Nick Heidfeld has revealed that a cautious strategy paid off in the long run as he vaulted onto the second step of the podium at the end of the rain-affected Malaysian Grand Prix.
Having endured an opening day that had observers questioning whether the BMW Sauber team would be a factor for points, let alone the podium, the German veteran came into his own when the rain came down on race day, using a mixture of ability and canny calling on tyres to find himself in second spot when the results were finalised.
Not entirely immune to the conditions - he had one moment when he went off and allowed both Sebastian Vettel and Lewis Hamilton through - Heidfeld admitted that it was a last-minute decision to stay out on the full wet tyre that enabled him to leap-frog others who had made multiple stops to change rubber.
"I think it was a very difficult race in these conditions," he reported, "I took the right tyre choice - well, not the perfect tyre choice as I went straight to extremes - but there is normally heavy rainfall here.
"I tried to preserve my tyres at the beginning, and some other guys were quicker than me on the extreme wets, but I knew that, if the rain starts, then hopefully I can stay out. Some people were driving away from me, but I knew that they would kill their tyres and, if it would start drizzling or raining a bit more, I would then have the tyre and I would be able to stay out.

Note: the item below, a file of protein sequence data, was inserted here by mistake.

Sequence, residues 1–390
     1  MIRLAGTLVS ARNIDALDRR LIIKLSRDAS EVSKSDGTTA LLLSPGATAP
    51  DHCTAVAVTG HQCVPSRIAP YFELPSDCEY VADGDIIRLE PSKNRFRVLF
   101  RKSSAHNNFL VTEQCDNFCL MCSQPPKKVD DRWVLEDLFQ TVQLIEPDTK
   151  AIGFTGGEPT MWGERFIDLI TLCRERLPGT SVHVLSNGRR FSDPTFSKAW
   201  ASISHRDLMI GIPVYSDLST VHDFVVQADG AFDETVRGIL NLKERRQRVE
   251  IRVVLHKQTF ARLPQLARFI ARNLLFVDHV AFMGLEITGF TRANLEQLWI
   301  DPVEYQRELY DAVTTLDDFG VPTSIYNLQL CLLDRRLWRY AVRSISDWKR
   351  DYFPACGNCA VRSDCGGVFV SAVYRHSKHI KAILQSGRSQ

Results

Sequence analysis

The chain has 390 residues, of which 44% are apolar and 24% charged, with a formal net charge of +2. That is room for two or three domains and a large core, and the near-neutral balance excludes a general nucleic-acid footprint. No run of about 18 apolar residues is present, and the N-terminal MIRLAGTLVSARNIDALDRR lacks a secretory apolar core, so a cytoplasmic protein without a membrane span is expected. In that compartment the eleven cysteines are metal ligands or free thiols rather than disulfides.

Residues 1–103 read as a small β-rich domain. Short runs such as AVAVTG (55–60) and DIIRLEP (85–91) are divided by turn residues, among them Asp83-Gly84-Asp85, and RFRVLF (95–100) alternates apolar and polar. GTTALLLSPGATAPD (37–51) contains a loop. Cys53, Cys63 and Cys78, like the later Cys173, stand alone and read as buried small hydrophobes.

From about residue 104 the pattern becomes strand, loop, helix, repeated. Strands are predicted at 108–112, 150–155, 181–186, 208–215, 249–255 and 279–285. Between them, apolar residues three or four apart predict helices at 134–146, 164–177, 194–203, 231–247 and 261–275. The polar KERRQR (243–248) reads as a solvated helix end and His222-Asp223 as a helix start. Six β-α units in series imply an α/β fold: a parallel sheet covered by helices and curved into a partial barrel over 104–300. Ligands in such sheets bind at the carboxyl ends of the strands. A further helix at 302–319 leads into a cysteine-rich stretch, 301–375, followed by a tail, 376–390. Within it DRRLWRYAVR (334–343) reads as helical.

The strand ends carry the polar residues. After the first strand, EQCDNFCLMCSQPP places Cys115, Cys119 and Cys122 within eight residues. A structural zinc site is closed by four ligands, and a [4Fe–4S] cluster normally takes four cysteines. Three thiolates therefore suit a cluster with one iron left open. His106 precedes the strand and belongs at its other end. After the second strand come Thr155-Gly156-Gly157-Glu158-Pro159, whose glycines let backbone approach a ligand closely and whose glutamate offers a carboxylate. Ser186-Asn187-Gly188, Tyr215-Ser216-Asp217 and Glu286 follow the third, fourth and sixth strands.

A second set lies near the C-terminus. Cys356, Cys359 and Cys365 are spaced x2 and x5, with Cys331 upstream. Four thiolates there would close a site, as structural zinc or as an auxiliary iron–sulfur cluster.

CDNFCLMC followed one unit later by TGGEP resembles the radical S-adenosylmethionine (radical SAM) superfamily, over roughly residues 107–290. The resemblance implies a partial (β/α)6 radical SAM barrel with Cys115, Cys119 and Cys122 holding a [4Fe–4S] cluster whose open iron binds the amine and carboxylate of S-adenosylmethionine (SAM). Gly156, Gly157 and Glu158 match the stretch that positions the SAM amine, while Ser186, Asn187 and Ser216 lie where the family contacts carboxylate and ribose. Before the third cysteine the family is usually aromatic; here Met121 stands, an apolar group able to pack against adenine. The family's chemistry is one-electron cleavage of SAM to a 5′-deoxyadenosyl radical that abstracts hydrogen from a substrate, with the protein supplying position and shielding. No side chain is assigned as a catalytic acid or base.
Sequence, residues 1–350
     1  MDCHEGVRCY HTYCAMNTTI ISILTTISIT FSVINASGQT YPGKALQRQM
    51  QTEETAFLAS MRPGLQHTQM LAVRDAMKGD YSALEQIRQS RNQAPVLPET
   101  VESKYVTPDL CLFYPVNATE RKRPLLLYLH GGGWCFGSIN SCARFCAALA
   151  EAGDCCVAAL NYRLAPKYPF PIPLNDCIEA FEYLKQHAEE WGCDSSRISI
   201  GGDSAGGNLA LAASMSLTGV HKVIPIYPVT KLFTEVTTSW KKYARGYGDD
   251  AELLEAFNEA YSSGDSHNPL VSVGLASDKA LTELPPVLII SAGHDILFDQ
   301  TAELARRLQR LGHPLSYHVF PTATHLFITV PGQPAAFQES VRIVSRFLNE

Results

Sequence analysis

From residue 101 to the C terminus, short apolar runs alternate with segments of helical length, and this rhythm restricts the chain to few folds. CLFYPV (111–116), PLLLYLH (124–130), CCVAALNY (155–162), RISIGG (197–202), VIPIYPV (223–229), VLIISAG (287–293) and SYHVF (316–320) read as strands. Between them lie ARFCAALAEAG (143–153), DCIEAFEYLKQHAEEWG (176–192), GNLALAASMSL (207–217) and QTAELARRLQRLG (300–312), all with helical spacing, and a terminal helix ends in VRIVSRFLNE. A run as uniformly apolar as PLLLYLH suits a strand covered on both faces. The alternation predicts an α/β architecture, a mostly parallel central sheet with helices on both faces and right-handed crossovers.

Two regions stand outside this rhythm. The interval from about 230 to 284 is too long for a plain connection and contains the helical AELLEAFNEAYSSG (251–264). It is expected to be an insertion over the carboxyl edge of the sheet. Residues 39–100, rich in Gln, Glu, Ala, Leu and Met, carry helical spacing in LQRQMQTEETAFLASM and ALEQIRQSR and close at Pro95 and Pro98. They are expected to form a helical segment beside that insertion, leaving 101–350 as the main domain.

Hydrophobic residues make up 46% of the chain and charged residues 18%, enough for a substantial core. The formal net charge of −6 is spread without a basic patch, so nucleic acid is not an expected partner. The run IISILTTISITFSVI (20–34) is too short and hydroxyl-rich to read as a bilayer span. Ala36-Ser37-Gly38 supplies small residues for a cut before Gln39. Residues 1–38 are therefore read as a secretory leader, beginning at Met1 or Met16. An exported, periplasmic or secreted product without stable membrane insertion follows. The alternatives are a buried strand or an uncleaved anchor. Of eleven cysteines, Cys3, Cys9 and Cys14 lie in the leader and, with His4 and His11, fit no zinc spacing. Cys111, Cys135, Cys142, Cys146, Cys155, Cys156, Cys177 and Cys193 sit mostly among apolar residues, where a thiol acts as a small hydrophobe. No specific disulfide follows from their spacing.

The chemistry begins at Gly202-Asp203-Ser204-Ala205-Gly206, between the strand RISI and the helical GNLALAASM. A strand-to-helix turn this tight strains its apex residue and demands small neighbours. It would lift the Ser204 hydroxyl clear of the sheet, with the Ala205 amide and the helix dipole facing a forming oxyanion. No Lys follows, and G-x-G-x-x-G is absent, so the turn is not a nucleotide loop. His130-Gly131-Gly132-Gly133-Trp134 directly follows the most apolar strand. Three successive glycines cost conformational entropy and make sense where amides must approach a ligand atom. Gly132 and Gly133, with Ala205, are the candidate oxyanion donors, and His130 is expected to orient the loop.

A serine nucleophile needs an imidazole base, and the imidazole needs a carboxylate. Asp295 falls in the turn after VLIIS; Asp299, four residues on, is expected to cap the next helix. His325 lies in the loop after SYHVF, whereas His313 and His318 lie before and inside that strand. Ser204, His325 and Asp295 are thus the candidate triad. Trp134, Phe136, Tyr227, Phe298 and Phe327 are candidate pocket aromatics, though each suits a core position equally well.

"The team told me there was heavy rain expected and I told them that inters would be a lot quicker [at that point]. The team told me all the time 'heavy rain expected in the next two minutes', but it just didn't happen, didn't happen, didn't happen. Then, just when they told me to pit, it started to rain heavier and just 200 metres from the pit entry, I said 'no, no I stay out as it starts to rain more heavy'. That was the right call, a bit lucky, obviously, but stopping once worked out."
Even when the safety car first came out, the conditions proved to be tricky, with Heidfeld admitting to a minor indiscretion that allowed Timo Glock to move into second place on the road.
"My rear tyres were destroyed completely and were slicks basically," Heidfeld revealed, "When it started to rain, I just tried to stay on the circuit. The safety car was out already, and the pits told me that I should observe the safety car's speed - which we have on the dash - and not go quicker than that. And I was laughing, telling them that I would be happy if I could go that quick.
"There was already a car which had spun there, so I thought 'okay, I will go as slow as possible', but it was aquaplaning not only on the tyres but also on the plank. I spun and I was happy that I didn't go into the gravel. I don't think it would have mattered in the end anyway, because the result was taken from a lap earlier, but that shows that it was the right thing to stop the race because it was just undriveable."